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Around one in four (23%) technology companies in London fail to employ women at board level, a survey from Tech London Advocates has found.
The survey by the independent network questioned more than 1,600 of its London Tech Advocates community members, over half of which (59%) said tech firms in London do not reflect diversity in the city.
Furthermore, 15% said they work at a company with no women at senior management level and 39% said women held less than a fifth of senior management roles.
Despite the findings, 46% of respondents feel technology companies in London are more accessible to women than other cities around the world.
Russ Shaw, founder of Tech London Advocates, said: “For a sector identified with disruption and change, these figures are very disappointing. We live in a city with a global reputation for diversity, yet our most exciting industry fails to reflect this in its most senior positions.
“London Technology Week is a chance to showcase the scale of our technology sector, but we must also use it as an opportunity to attract more people to digital careers.”
The research was released during the Tech London Advocates Women in Tech working group meeting at the House of Lords on 15 June 2015.
The event was hosted by Martha Lane Fox as part of London Technology Week.
Lane Fox said: “There is a greater proportion of women in the House of Lords than British tech companies. We must accept the scale of this problem and work together to put women at the heart of the technology sector. Mobilising a currently unused resource will have huge benefits for the digital industry, the economy and UK PLC.”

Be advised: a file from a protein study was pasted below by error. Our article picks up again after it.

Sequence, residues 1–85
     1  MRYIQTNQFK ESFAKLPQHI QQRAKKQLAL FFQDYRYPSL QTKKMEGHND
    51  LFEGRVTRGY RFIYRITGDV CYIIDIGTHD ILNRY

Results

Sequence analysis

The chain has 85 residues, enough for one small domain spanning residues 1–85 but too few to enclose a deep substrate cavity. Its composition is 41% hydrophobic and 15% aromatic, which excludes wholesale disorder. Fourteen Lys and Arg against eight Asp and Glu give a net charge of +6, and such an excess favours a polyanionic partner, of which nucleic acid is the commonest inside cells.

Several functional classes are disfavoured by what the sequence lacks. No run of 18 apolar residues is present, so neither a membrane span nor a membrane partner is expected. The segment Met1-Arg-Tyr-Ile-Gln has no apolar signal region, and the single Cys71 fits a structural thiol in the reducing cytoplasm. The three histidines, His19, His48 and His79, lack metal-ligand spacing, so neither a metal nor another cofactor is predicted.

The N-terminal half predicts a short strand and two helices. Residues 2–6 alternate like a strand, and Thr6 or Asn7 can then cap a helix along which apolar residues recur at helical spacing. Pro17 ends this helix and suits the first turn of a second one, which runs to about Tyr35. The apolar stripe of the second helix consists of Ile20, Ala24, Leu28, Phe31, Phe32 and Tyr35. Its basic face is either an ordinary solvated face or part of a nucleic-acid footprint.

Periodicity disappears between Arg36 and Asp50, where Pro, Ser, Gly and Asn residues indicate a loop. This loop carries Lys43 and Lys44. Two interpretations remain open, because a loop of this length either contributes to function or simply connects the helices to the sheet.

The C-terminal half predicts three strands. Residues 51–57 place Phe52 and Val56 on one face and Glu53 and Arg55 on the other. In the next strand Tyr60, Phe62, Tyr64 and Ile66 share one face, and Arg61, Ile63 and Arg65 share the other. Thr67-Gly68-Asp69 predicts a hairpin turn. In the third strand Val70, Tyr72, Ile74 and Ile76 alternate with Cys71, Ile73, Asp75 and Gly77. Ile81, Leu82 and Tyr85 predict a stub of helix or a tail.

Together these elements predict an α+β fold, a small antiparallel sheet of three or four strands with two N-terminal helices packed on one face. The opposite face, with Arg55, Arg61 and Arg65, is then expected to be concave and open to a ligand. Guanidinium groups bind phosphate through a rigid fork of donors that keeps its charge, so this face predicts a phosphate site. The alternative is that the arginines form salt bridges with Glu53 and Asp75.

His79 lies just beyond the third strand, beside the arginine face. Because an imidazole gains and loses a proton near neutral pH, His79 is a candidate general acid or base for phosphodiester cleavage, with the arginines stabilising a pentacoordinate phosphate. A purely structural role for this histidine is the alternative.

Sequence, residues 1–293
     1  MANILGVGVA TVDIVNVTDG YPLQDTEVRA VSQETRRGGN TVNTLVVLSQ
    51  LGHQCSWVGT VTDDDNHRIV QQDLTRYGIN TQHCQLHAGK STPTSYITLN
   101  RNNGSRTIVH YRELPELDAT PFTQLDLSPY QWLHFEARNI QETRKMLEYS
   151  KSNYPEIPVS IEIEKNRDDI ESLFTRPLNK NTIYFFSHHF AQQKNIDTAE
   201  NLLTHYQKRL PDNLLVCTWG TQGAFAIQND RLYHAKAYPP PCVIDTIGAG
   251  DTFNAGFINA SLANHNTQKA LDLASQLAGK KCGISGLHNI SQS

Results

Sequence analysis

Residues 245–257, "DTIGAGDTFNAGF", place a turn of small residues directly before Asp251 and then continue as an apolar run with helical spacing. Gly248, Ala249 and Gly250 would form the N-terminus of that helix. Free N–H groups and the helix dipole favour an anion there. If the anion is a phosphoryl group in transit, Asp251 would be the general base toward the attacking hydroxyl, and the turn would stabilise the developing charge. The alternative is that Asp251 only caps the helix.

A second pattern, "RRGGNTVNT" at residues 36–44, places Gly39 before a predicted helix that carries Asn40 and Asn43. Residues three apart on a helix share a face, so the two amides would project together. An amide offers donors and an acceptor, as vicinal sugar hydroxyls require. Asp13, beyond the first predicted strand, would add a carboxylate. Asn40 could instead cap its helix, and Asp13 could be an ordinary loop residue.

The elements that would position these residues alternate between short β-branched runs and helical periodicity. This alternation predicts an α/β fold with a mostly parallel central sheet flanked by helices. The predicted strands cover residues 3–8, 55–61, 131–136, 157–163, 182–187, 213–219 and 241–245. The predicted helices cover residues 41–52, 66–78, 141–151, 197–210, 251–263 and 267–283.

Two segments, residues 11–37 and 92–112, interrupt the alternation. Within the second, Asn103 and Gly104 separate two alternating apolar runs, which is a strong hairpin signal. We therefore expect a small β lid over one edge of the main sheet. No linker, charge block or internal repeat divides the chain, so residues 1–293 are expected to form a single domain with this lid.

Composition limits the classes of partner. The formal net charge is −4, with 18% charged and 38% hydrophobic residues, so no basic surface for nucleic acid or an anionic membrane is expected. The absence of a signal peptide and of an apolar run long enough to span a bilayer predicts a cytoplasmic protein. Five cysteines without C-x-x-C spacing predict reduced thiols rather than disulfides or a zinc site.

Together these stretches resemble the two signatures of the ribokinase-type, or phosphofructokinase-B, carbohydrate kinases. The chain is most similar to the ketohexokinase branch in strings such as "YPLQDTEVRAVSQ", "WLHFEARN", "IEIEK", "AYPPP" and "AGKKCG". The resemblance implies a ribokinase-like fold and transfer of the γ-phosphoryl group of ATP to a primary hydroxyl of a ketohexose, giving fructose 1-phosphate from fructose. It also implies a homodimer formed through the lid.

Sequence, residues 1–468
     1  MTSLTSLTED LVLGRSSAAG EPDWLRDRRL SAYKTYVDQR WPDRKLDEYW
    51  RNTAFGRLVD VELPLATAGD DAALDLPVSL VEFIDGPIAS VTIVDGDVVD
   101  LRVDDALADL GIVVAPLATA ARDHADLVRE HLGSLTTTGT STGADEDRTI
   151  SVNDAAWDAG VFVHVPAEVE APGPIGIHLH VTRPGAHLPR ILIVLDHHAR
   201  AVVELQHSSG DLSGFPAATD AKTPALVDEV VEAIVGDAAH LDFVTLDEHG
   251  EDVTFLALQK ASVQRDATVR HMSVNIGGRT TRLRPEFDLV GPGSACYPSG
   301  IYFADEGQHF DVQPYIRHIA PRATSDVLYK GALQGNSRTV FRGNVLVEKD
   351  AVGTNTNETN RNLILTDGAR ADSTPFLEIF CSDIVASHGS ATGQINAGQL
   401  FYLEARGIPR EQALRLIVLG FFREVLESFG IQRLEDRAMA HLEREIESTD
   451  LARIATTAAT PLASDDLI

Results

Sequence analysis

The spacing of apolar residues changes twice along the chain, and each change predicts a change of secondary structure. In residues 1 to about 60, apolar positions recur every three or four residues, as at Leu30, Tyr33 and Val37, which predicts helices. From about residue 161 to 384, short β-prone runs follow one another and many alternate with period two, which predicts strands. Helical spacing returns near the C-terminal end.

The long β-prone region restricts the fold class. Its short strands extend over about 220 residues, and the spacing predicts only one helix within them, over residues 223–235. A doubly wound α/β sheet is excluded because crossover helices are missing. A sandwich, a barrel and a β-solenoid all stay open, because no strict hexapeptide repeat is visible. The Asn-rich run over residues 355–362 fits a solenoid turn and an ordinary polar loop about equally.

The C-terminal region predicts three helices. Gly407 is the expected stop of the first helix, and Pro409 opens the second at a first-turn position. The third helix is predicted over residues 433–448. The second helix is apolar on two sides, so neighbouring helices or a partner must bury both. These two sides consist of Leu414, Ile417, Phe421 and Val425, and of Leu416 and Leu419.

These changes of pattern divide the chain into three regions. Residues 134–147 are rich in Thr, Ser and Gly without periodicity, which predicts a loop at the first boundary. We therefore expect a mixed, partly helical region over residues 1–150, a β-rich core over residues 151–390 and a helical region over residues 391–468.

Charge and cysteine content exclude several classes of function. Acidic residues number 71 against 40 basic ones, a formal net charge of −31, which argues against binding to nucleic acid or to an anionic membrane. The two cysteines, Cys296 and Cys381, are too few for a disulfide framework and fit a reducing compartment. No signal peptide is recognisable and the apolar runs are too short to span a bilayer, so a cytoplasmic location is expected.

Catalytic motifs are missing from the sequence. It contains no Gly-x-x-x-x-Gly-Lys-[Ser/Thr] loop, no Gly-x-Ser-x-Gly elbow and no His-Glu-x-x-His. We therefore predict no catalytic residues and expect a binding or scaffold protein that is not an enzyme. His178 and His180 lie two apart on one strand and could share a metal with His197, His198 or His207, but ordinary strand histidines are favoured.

Read more about diversity in IT
- The director of technology at the University of Dundee talks about the cultural differences between the US and the UK in business attitudes.
- Intel commits to hiring more women and ethnic minorities and calls on other tech firms to do the same.
- If the gender gap was closed, the net benefit for the UK economy could be as much as £2.6bn each year, says Nominet's chief technology officer.
Sarah Luxford, director at executive search firm Nexec Leaders and Women in Tech working group co-leader, said: “Diversity is not a project – it’s your attitudes and beliefs. Tech London Advocates Women in Tech group works with the key influencers of the capital’s tech community to help shift the way we think, feel and act towards diversity in our industry.
“Our event is an opportunity to celebrate companies pioneering diverse workforce practices and supportive cultures that reflect today’s society.”
Nikki Watkins, chief evolution officer at Tyche and Women in Tech working group co-leader, said: “2015 is already proving to be a year in which gender intelligence is higher up the strategic agenda than ever before.
“Companies are doing more than paying lip service – they are recognising they may be sabotaging their future success if they don’t do something different. Sarah and I are excited to be leading the Women in Tech initiative to start the ripple from London across the UK.”
Melissa Di Donato, head of the technology working group at 30% Club, said: “There are huge opportunities for women in technology across all levels. Everyone working in the private sector shares a responsibility to encourage the next generation of female professionals – offer mentoring, engage with independent organisations and engage with your local community.”